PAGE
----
Tuesday, January 02, 2007

The Wrong Rev. Phred is at it Again

Our esteemed and beloved man of the cloth, the Rev. Fred Phelps, is in quite a quandary. Locally, the TV news people have announced that his Kansas church group, 100 strong, plans to picket the funeral of a local man killed in Iraq. They would, as in the past, hold up signs saying (I kid you NOT), "GOD LOVES I.E.D.'S." But the graveside picketing might not come to pass, since Fred also wants pickets a-plenty at the Gerald Ford funeral in Michigan. What's a fundamentalist geek to do?

You *do* remember Fred, don't you? The slavering twit who showed up at the funeral for Matthew Shepard after the latter's bashing in Laramie, Wyoming, where Felps's group held up placards claiming that "GOD HATES FAGS!" Actually, if there were a god, he or she would hate Fred Phelps, who, incidentally, has a rap sheet of his own and was disbarred from law practice. (Apparently, it is actually possible to be so nasty you're unfit to be an attorney!)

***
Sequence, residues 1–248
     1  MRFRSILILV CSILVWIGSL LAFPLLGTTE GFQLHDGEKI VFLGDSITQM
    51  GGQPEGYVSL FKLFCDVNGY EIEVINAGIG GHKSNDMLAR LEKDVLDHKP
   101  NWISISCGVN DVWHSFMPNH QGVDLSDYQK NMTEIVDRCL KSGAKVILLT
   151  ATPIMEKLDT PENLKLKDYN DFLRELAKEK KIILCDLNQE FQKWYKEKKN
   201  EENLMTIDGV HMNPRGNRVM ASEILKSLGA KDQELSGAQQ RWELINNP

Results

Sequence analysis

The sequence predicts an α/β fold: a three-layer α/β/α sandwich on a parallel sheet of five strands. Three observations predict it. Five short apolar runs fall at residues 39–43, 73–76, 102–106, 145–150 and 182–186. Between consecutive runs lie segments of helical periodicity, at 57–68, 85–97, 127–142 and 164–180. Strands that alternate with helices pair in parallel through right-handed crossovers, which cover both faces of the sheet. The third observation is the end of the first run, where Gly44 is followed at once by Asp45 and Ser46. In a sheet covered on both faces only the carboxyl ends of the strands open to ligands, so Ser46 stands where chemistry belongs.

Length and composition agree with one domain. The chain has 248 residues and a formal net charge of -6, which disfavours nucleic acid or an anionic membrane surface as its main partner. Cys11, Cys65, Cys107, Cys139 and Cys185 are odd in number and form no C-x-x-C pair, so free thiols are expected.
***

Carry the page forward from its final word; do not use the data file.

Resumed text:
Interestingly, when, later this evening, CNN interviewed former Sect'y of Defense (under Clinton) William Cohen; following a news story that Gen. John Shallikashvilli has recommended doing away with "don't ask, don't tell," Wolf Blitzer asked what chance there is to get such a policy carted off to the dungheap of American history. And Cohen answered that some high-ranking military people are seriously considering it, if only because the all-volunteer army cannot afford to turn any qualified men and women away. (That's nice, we are not good enough to marry, but we are good enough to be blown to bits by I.E.D.'s in Baghdad.) Owning up to the fact that plenty of gays and lesbians already serve, silently, Cohen suggest that a re-thinking is much in order, and he's not unaware that European armies have never made any distinction between gay and straight troops and have had none of the problems with the integrated policy that are usually predicted here.

But he had a caveat. Cohen says that the decision to do it should come from military leaders, not politicians. If the matter is politicized, he points out, it will inevitably become a wedge issue, just as it did for Clinton. It can only be hoped that Rev. Phred Felps had a massive coronary when he heard this news, for if there is a hell, I am certain he is going to it.

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